Meanwhile, an airport on the African continent had been taken over by a foreign power, the United States, which now has over thirty military bases in Africa. This is the Kotoka Airport in Accra, Ghana, where the United States – despite its denials – has built the West African Logistics Network. The US armed forces are using this Logistics hub to supply their bases in the Sahel region, and to slowly eliminate their reliance upon the German base at Ramstein. An entire terminal at Kotoka is now seized by the United States military, who claim that this is not a base, and whose evasions have created a serious political crisis in Ghana. There has been virtually no reporting about this US base, as there is virtually none about the US military footprint on the African continent. Far easier to write about the Chinese in Africa rather than to focus on the main powers that not only have a military presence on the continent (France and the United States) but continue to use their military force for political ends.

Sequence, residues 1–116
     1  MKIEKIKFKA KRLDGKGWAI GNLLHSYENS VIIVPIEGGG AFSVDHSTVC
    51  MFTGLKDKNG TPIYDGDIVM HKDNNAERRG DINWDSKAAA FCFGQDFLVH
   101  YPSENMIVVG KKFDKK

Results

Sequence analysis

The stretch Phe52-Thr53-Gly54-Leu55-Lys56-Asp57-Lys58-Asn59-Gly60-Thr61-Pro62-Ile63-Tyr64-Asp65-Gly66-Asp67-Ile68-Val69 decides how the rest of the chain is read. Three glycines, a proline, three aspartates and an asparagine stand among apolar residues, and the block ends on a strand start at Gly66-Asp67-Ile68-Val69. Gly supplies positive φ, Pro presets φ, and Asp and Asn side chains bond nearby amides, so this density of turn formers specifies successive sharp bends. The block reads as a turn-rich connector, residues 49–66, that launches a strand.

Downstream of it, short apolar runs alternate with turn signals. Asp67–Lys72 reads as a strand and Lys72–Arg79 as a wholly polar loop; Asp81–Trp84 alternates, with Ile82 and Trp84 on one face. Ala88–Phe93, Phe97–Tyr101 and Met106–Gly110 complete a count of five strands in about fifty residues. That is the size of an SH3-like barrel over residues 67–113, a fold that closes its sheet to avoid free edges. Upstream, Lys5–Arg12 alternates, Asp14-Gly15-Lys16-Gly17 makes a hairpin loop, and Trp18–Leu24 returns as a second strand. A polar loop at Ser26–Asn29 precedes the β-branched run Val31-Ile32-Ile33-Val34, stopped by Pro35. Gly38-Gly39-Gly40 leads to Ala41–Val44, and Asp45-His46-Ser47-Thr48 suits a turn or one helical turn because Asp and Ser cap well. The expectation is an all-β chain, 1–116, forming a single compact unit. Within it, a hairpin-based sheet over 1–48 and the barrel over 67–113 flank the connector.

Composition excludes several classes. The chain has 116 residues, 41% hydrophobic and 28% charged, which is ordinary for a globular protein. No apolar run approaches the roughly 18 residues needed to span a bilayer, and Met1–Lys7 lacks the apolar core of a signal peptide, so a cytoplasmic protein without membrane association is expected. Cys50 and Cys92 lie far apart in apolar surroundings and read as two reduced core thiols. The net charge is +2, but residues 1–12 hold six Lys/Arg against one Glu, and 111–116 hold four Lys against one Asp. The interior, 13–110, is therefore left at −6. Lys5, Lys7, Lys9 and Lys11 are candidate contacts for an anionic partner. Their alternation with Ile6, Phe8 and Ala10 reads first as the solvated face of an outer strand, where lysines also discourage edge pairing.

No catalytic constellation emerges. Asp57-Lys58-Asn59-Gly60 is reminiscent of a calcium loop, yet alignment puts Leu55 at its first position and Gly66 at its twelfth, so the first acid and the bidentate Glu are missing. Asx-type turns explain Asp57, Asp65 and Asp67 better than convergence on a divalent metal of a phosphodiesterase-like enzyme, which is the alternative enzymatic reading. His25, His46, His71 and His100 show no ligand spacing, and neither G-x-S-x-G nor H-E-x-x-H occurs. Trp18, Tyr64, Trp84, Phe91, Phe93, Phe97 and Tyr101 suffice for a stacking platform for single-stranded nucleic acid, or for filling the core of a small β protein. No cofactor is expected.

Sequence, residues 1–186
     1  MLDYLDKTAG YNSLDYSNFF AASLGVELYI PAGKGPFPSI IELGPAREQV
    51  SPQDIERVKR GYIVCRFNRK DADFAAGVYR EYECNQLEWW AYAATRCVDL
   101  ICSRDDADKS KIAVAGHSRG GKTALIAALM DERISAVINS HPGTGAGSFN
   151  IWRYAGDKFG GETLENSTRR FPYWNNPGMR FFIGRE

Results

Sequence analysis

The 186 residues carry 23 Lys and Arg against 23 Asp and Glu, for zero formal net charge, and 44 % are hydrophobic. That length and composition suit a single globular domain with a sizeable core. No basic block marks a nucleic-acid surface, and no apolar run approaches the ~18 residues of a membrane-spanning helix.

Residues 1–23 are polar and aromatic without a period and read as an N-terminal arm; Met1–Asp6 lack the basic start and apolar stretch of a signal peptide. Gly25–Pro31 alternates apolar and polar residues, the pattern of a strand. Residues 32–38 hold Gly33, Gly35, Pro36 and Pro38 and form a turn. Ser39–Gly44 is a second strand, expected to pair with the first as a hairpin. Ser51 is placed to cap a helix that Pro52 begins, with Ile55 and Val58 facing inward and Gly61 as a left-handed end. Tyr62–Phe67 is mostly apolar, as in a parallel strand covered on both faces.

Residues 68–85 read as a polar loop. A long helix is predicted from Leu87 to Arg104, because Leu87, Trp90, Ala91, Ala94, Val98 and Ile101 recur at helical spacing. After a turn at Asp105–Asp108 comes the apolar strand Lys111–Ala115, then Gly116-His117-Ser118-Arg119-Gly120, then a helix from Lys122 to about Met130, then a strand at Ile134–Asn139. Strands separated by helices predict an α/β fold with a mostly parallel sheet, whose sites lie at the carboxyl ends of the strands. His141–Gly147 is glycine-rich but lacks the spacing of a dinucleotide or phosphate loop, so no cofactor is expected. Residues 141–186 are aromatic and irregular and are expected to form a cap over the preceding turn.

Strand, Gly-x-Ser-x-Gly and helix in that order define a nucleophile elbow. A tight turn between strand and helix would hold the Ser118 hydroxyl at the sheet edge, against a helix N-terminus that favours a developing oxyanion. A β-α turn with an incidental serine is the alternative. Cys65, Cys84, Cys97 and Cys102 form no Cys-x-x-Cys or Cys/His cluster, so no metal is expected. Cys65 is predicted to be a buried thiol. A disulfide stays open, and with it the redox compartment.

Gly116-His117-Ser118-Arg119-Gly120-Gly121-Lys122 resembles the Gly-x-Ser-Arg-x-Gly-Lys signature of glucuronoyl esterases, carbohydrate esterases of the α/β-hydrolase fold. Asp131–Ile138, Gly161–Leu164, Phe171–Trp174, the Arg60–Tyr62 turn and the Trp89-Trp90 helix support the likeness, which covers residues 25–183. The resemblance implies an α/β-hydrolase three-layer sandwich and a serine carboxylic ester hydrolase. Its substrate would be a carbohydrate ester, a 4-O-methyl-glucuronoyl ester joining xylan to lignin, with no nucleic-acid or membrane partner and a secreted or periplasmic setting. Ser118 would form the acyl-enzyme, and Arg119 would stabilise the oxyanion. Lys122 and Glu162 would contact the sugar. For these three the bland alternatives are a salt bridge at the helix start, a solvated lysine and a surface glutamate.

Countries in the Global South can learn a great deal from China’s experiments with socialism. The abolition of absolute poverty during the pandemic – a feat celebrated by the United Nations – can teach us how to tackle similar obstinate facts in our own countries (which is why the research institute I direct, Tricontinental: Institute for Social Research produced a detailed study about China’s poverty eradication techniques). No country in the world is perfect and none is above criticism. But to develop a paranoid attitude towards one country and to attempt to isolate it behind an American Wall is socially dangerous. Walls need to be knocked down, not built up. The United States is provoking a conflict due to its own anxieties about China’s economic advances: we should not be drawn in as useful idiots. We need to have an adult conversation about China, not one imposed upon us by powerful interests that are not our own.